Posted on 1st June, 2018 - Back to Blog Listings
In the first part of this series, I talked about shooting Kilauea's lava surface-flows using a drone. In the second part, I talked about shooting the lava with a DSLR from the ground. In the third, I talked about shooting from a dedicated lava-viewing boat. I'd like to finish this series with a short article about shooting the lava from a helicopter. I will also try to sum up the lava shooting part of my Hawaii trip, and survey how it ended up being published.
I was very excited for my lava helicopter flight. After my amazing hike to the surface flows, where I also used (and melted) my drone, and after the sail a few days before, I had already gotten many epic shots and had much less pressure to produce something exceptional. My friend and I decided to only take a (relatively) short 1-hour flight, to experience another way of shooting the lava.
There are several helicopter providers available in Big Island, and they can easily be found online. Remember to schedule your flight several days (a week is recommended) in advance to make sure you get the time slot you want. We chose a sunrise shoot.
Upon reaching the hangar, the helicopter was already stripped of its doors (nothing will come between me and the lava!) and our pilot was making his preparations. We took off quickly and were on our way to the Puʻu ʻŌʻō Crater.
If you intend to take an open-door helicopter flight in Hawaii, remember to dress well. Hawaii is generally not as hot as one would think (it even snowed on the Big Island recently!), and it can get very cold up in the air on the way to the lava. I'd suggest a serious warm jacket and thick pants to be comfortable. I was a bit under-dressed, so it was a bit chilly on the way there.
Upon reaching the crater itself, I started shooting with a medium telephoto (24-70mm). This would prove the last time I used this lens in the shoot, as I quickly switched to my 70-300mm to get better details.
The crater was nice but I quickly got bored of it. I knew the real deal was the surface flows with all their beautiful diversity. I was adamant on getting some nice abstracts and natural patterns, so I asked the pilot to leave the crater and find the flows.
Once you start shooting the surface flows, it's endless. There is so much to choose from and you need to manage the time wisely, since the really good light is extremely short-lived. Try to get the shot and already think on what you want to get next. It's not my ideal method of producing good shots, but in these conditions, time is a serious bottleneck and there's just no choice.
Technically, just like the boat shooting, remember that you're on a moving, vibrating, flying vehicle: exposure speed should be on the high side. I was aiming for between 1/500 and 1/1000 of a second (with the 70-300mm) and managed to expose in that range most of the time. ISO settings depend on light, but since this was early morning, I had to use ISO 3200 or 6400 most of the time, unless I was shooting into the crater (where lava was brighter) or when the sun went up a bit. In these cases I went down to ISO 1600.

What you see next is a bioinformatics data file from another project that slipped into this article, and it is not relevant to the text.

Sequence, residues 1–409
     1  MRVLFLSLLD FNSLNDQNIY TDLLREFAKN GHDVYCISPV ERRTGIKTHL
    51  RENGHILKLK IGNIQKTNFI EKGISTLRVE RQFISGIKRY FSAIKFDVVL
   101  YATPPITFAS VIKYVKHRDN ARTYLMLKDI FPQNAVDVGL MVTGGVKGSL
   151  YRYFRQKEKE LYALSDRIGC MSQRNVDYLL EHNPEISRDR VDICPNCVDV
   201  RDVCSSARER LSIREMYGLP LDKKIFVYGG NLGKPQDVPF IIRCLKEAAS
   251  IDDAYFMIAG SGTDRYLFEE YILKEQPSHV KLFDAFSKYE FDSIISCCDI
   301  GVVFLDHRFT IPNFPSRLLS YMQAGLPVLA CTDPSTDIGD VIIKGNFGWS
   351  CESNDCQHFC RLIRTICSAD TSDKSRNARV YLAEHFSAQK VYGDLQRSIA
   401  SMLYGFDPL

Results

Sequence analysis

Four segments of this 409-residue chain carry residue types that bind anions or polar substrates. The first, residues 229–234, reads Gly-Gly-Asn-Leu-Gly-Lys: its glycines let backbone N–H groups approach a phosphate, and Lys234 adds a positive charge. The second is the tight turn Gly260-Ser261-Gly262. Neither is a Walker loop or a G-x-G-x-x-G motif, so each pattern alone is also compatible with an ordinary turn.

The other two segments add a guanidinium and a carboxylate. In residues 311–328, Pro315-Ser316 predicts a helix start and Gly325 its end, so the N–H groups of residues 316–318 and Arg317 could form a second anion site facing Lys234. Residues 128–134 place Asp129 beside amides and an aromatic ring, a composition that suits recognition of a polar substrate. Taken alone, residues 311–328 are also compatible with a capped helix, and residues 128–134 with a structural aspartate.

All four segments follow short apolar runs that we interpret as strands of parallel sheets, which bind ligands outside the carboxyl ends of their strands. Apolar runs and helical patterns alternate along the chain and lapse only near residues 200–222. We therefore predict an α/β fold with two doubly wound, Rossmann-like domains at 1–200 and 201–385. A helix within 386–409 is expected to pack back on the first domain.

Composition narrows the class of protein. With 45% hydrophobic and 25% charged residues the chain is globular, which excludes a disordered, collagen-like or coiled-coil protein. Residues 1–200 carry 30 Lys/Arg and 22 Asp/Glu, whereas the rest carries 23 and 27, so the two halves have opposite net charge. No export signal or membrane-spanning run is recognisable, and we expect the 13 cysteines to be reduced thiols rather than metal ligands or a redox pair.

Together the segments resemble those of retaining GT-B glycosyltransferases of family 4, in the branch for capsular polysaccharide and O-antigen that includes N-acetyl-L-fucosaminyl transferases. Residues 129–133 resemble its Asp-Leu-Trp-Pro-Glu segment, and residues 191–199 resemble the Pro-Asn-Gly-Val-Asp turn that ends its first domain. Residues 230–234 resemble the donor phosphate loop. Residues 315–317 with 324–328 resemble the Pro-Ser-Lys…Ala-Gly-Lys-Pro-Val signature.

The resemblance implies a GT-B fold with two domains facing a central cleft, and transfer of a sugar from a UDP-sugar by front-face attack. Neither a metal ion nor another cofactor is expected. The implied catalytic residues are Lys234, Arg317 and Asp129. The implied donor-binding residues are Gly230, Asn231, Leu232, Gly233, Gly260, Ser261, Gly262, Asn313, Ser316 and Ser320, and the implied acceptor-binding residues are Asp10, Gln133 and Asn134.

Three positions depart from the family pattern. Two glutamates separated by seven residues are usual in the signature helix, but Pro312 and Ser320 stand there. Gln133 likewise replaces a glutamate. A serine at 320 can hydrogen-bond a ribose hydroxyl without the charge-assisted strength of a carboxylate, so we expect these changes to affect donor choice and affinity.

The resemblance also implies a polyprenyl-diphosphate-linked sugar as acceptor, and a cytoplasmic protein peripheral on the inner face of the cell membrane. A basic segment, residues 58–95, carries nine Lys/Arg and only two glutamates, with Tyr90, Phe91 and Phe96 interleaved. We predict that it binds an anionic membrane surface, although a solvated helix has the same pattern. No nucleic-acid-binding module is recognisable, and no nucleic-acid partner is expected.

Contrary to my usual shooting style, I tried to put a large emphasis on abstracts. The lava creates such wonderful patterns and colors, it made sense to concentrate on those alone.
Another cool thing about shooting from the air is the visibility of skylights - underground lava flows that have been partly exposed and are visible from the air.
To sum up, the helicopter shoot was a lot of fun. It's all so easy: you don't have to hike 8km, there are lots of opportunities, and you have total control and an infinite choice of subject matter (if the lava cooperates, of course). We paid about $1,700 plus a well-deserved tip to the excellent pilot, whose hovering abilities were off the charts. Not a particularly cheap experience, but worth it to me. Remember, Hawaii is extremely far for me to reach and I wanted to make sure I made every effort to go back home with a good portfolio. If you enjoy aerial photography and lava, I can highly recommend the heli flight in Big Island.
I was incredibly lucky in Hawaii. The surface flows outside the National Park, where I was allowed me to use the drone; the crazy eruptions before my eyes; the action and sunrise in the boat sail; every experience was fantastic. While the Big Island was just part of the trip and I took many more images in Kauai, the lava, and particularly the very first day of my trip, was definitely the main event, and for that I'm thankful.
The trip was very expensive. I knew it would be so in advance, but in the end I spent even more than I thought I would. That's OK, but bare in mind that a visit isn't going to come cheap, especially if you want to do all the lava shooting from a boat and a heli. That said, it was more than worth it—it was one of the best trips I've ever taken, a truly exhilarating experience that I will cherish forever.
The lava shots, and perhaps mainly the fact that I'd melted my drone, meant big publicity in all of the main photographic websites, which was very nice. In addition to lots of licensing deals, my images were on the front page of NatGeo.com (which more than paid for the drone repair) and also the Nat Geo international websites of about 10 countries. Stories about my shoot have been published in over 20 countries and surveyed in countless websites. I've been interviewed by Nat Geo and by several international photography and travel sites, as well as by Israeli news sites.
The point is, I had no idea what would come of the Hawaii trip before taking it. It could just as well be bad, with no visible surface flows or (as it is now) no lava in the Ocean Entry. It was a stroke of luck, and happily I was ready to take advantage. I'd like to encourage you to take the risks and, hopefully, you'll get similar rewards.